Vicki Lopez Lukis
A graduate of the University of Notre Dame in 1978, Vicki Lopez Lukis served as the executive director of the Girls Advocacy Project (GAP), Inc., one of the only comprehensive prevention/intervention/educational projects in the State of Florida – and one of the few in the nation – serving girls while they are in detention. She currently serves as a pro bono consultant to the project.
She is recognized as a well-respected authority regarding girls in the juvenile justice system and prisoner reentry in Florida and continues to advocate on behalf of all inmates, ex-offenders and their families as well as female juvenile offenders at the local, state and national level.
In April 2008, Secretary Walter McNeil appointed Mrs. Lopez Lukis to the Florida Department of Corrections’ Reentry Advisory Council. In August 2008, the Secretary appointed her as the Council’s vice-chair. The Council assists the Department in the development and coordination of strategies to improve outcomes for released offenders.
In May 2008, Governor Charlie Crist appointed her to the Prison Rehabilitative Industries and Diversified Enterprises (PRIDE), Inc.’s Board of Directors. PRIDE is a not-for-profit corporation created by the Florida legislature to operate the prison industries program in Florida’s prisons.
Mrs. Lopez Lukis served as chairman of Florida Governor Jeb Bush’s Ex-Offender Task Force, which was established by Governor Bush in April 2005 and whose responsibilities included identifying barriers to successful reentry and providing recommendations that would eliminate these barriers. Mrs. Lopez Lukis was invited to present the Florida reentry model developed by the Task Force at the White House National Summit on Prisoner Reentry in November 2007.
Ms. Lopez Lukis’ work with juvenile offenders has drawn the attention of international authorities in juvenile justice. In 2007, she was invited to be a member of a scientific committee for the European Union’s International Observatory of Juvenile Justice and presented at an IOJJ conference in Spain.
In May 2007, Mrs. Lopez Lukis was awarded the Faces of Courage Girls Award by the Florida Network of Youth & Family Services for her outstanding efforts on behalf of girls in the juvenile justice system. In 2004, she was the recipient of the prestigious Junior League of Florida’s Berta Blecke Award for Outstanding Efforts in Legislative Advocacy for her tireless efforts on behalf of girls in the juvenile justice system.
In December 2005, she developed a writing workshop project entitled Bridging the Gap, which involves a unique partnership between Ms. Lopez Lukis, the Girls Advocacy Project (GAP); ArtSpring, Inc.; the Florida Department of Juvenile Justice (DJJ); and the Florida Department of Corrections (FDC). The objective is to develop a published anthology of the writings of the women inmates participating in ArtSpring’s Inside Out program that can be shared with the GAP girls and others who find themselves in or who are at-risk of becoming involved in the juvenile justice system. It is her hope that the women’s stories will inspire the girls to change their lives while they still possess a second chance.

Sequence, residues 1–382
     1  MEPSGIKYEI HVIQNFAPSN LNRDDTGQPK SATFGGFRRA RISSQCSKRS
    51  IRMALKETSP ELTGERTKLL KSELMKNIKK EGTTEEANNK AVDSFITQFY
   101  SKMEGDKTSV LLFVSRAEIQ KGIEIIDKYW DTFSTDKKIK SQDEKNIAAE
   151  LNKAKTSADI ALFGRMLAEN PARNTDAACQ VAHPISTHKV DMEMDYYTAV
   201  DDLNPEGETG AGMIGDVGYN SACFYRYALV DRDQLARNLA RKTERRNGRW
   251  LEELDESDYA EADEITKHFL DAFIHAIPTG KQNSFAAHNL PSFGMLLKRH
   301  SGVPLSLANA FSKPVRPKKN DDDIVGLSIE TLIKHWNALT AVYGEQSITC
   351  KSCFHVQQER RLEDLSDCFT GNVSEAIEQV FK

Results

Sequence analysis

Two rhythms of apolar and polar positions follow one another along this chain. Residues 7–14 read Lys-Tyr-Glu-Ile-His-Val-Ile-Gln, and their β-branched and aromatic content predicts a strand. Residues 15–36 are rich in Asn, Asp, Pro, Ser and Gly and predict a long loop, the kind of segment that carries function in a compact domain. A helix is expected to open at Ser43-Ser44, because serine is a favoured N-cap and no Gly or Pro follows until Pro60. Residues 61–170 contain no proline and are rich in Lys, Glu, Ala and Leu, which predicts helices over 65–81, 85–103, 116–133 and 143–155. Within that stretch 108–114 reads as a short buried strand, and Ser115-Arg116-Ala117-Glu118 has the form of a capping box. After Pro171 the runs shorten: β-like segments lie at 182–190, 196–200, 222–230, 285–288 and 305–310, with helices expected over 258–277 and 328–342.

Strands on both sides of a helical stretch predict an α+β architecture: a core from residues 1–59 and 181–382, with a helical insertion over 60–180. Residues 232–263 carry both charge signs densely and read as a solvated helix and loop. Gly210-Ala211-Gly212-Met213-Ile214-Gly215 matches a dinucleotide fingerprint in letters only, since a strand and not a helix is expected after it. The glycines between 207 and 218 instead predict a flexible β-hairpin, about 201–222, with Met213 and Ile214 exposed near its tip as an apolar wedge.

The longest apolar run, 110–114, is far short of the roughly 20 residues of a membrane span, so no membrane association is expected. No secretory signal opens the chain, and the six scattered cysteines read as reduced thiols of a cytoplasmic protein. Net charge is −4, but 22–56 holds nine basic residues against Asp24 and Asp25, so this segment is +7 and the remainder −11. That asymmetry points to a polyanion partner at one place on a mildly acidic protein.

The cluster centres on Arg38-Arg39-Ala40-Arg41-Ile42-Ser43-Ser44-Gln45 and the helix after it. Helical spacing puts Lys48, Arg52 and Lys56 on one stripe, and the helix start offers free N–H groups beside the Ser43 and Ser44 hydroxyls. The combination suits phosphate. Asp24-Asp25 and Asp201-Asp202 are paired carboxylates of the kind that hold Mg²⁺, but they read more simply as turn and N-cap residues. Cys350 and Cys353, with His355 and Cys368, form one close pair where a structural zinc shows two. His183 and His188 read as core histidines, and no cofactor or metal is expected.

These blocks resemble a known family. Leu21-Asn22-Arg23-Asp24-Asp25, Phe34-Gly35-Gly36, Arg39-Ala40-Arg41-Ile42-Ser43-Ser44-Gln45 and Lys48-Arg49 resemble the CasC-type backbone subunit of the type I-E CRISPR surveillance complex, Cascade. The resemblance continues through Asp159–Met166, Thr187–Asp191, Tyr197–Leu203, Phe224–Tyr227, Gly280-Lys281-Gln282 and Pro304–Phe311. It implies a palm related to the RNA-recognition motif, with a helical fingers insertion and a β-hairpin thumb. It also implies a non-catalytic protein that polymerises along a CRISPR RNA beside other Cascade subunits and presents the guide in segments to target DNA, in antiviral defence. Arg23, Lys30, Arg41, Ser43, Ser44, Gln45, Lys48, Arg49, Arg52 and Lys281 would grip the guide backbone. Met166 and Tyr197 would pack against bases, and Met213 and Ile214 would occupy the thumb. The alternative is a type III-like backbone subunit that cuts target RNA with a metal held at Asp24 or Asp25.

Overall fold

Bridging the Gap is the subject of a national documentary funded by a generous grant from The Annie E. Casey Foundation. It can be viewed in its entirety at www.reentrymediaoutreach.org/gap.htm. This website also contains more detailed information about the project.
In 1990, Mrs. Lopez Lukis was elected to the Lee County, Florida Board of County Commissioners. Unfortunately, her tenure as a commissioner led to a highly publicized criminal case regarding her personal relationship with her husband who was her boyfriend at the time and a prominent Washington D.C. lobbyist with issues before her board. She went to trial and was convicted of one count of mail fraud for depriving her constituents of her “honest” services by lying to a newspaper reporter about that relationship. She was sentenced to 27 months in a federal prison and self-surrendered on August 9, 1999 to the federal women’s camp in Coleman, Florida.
On November 21, 2000, President Clinton commuted Mrs. Lopez Lukis’ sentence. On December 9, 2004, Governor Jeb Bush and his Cabinet restored her civil rights in Florida.
Mrs. Lopez Lukis is a member of Leadership Florida (Class X), Leadership Miami and the Junior League of the Palm Beaches.
Ms. Lopez Lukis was born in Tampa, Florida on March 28, 1958. She was raised in Fort Myers, Florida and graduated from Cypress Lake High School just having turned 16 years old. In 1974, she was the youngest person to be admitted to the University of Notre Dame and graduated in 1978 with a BBA in Accounting. She began her professional career in public accounting working for Coopers & Lybrand and Arthur Young. She then moved to the private accounting sector working in internal auditing and assistant controller functions. In 1987, she obtained her Series 7 and Series 54 Securities Licenses and worked for AmeriSecurities Capital Corporation, a correspondent branch of Paine Webber.
She is married to Sylvester Lukis, a lawyer/lobbyist, and has three children, Donald F. Wolfe III, Alexander and Adrian Lukis.